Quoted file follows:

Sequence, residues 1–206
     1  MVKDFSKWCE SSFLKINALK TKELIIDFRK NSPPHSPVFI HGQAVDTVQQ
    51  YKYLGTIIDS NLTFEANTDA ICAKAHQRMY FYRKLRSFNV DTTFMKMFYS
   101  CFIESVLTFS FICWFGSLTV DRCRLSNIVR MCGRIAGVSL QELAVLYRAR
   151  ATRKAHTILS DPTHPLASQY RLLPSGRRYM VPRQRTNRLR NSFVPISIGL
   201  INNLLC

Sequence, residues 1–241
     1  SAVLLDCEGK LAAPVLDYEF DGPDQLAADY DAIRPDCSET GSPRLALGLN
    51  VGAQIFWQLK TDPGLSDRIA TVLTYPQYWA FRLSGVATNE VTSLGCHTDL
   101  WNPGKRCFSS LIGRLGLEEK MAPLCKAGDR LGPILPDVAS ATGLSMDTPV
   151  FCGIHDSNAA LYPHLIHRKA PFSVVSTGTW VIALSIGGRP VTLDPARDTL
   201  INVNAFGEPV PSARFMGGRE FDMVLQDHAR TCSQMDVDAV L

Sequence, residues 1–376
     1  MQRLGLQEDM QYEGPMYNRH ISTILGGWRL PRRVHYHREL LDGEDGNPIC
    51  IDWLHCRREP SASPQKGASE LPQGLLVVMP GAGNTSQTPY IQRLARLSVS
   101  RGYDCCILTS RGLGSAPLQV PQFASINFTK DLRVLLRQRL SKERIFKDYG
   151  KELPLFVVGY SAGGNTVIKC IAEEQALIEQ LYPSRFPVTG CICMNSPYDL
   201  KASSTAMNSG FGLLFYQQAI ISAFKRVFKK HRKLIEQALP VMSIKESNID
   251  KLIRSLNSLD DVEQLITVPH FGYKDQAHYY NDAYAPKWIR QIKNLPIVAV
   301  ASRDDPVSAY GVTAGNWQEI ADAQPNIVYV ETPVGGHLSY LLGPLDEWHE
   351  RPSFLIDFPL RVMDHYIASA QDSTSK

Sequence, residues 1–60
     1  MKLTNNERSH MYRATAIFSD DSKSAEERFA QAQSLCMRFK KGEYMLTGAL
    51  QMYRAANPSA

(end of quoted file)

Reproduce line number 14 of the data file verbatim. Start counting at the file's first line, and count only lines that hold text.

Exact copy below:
     1  MQRLGLQEDM QYEGPMYNRH ISTILGGWRL PRRVHYHREL LDGEDGNPIC